Europe's First Report on Islamophobia Shows the Dangerous Climate Muslims Live In
Throwing a pork head, or sometimes even a grenade, on a mosque. Assaulting a Muslim woman who wears a head scarf. Demonstrating against the building of a mosque or against the local supermarket which sells Halal food. Incidents like these are happening on a daily basis in 21st century Europe.
On May 3 the very first European Islamophobia Report (EIR) was presented at the European Union parliament in Brussels. The aim of its authors, leading experts in the field from all over Europe, is to "analyze trends in the spread of Islamophobia in various European states." For 2015, 25 states have been analyzed—and the results are frightful.
During the first half of 2015, and since the attacks on "Charlie Hebdo," anti-Muslim attacks increased in France by more than 500 percent, with 75 percent of the victims women; because of their head scarves, the Muslim background of many is much easier to identify than is the case for men.
The reports makes clear that many non-Muslim citizens of Europe believe that Islam and its worshippers do not fit in their society. According to a recent poll by the Bertelsmann Foundation, 61 percent of Germans believe that Islam does not fit in the West, while 46 percent of the Britons think being Muslim in the United Kingdom is difficult.
Less Muslims, More Islamophobia
The authors conclude that the so-called "refugee crisis" has fueled resentment towards Muslims. Nevertheless, Islamophobia was already heavily present in the years before this crisis, especially in countries with tiny Muslim minorities, such as Hungary and Lithuania. Islamophobia has become a successful political tool to mobilize the masses. For that reason, many people tend to believe that Muslims in general are criminal and violent, although the crime statistics prove the opposite. Apart from that, people also often overestimate the number of Muslims in their countries.
In this context, it is noteworthy that many people in Europe still exclude their fellow Muslim citizens from society. For them, it seems that being Muslim and being European at the same time is impossible. Frighteningly, Muslims have not just become "the other" these days—they are also considered a threat. Although the collected data in the EIR makes this very clear, European Muslims themselves have felt this for years years and do not need a study for confirmation.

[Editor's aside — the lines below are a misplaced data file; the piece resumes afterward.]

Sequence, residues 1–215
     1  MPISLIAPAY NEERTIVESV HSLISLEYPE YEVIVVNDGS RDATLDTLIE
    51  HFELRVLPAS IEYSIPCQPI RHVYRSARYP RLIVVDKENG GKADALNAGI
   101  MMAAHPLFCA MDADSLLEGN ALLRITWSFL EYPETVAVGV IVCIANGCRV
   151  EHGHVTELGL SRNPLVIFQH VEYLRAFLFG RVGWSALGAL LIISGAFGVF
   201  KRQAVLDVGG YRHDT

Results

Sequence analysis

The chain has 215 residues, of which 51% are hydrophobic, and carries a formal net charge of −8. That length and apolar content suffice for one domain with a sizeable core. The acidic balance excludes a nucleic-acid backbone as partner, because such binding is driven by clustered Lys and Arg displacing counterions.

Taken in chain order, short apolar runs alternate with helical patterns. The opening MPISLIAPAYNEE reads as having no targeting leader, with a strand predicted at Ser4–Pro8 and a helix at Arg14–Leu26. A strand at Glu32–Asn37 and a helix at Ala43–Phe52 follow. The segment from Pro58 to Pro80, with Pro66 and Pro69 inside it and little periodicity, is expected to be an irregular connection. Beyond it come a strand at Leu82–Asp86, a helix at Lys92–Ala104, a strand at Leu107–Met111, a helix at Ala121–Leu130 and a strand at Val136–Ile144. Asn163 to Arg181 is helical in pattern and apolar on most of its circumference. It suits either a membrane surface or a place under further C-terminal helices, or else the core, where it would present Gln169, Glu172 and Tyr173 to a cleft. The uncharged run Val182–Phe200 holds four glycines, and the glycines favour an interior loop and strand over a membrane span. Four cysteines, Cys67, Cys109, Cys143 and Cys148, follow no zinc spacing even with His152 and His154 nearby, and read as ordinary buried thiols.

Some people, like myself, have experienced this hostile attitude very early in life. Already at the age of nine, one day after the attacks of September 11, my teacher asked me in front of the whole class why "these people" did this, as if I knew Mohammad Ata personally. I did not know how to answer, but from that time on I was sure that my Afghan-Muslim identity would be a problem.
Some years later, I witnessed how the right-wing extremist Freedom Party of Austria (FPÃ–) looked for a useful scapegoat for almost every problem in the country and, of course, found Muslims to blame. The party's leader, Heinz Christian-Strache, became infamous for attending rallies with a cross in his hand, warning against the "Islamization of Europe."
Islamophobia and Imperialist Politics
The first time I witnessed Strache live was in my hometown Innsbruck, the capital of the federal state of Tyrol in western Austria. During his heavily secured rally, Strache remembered the legacy of Andreas Hofer, Tyrol's local hero who fought against the Bavarian troops of Napoleon Bonaparte at the beginning of the 19th century. Strache suggested that today's enemies are not French or Bavarian soldiers, but Muslims, migrants and refugees. One of the policemen who secured the area against leftist protestors grinned maliciously at me.
At first, one might think that such a party could not be successful in this age, but this assumption is wrong. During the last few years, the FPÃ– has gained a lot of support among the Austrian people. The peak of this support was reached last month when the FPÃ–'s candidate won the first round of the presidential elections. Now the Islamophobic fascists are one step away from power.
The struggle against Islamophobia is anything but easy. The EIR's authors do not want to act reproachfully. For that reason, they suggest that all European countries hold any kind of hate speech as a chargeable crime, and to tackle discrimination against Muslim women in the job market.
However, it is questionable whether European politics will be able to handle all these problems seriously. The phenomenon of Islamophobia is not new and has always been linked with imperialist politics. The construction of the Muslim other has become a useful tool to distract from own failures and to justify miseries elsewhere, such as Damascus and Kabul. Thanks to this kind of one-sided and egoistic politics, Islamophobia is on the rise—not just on European streets, but in European parliaments.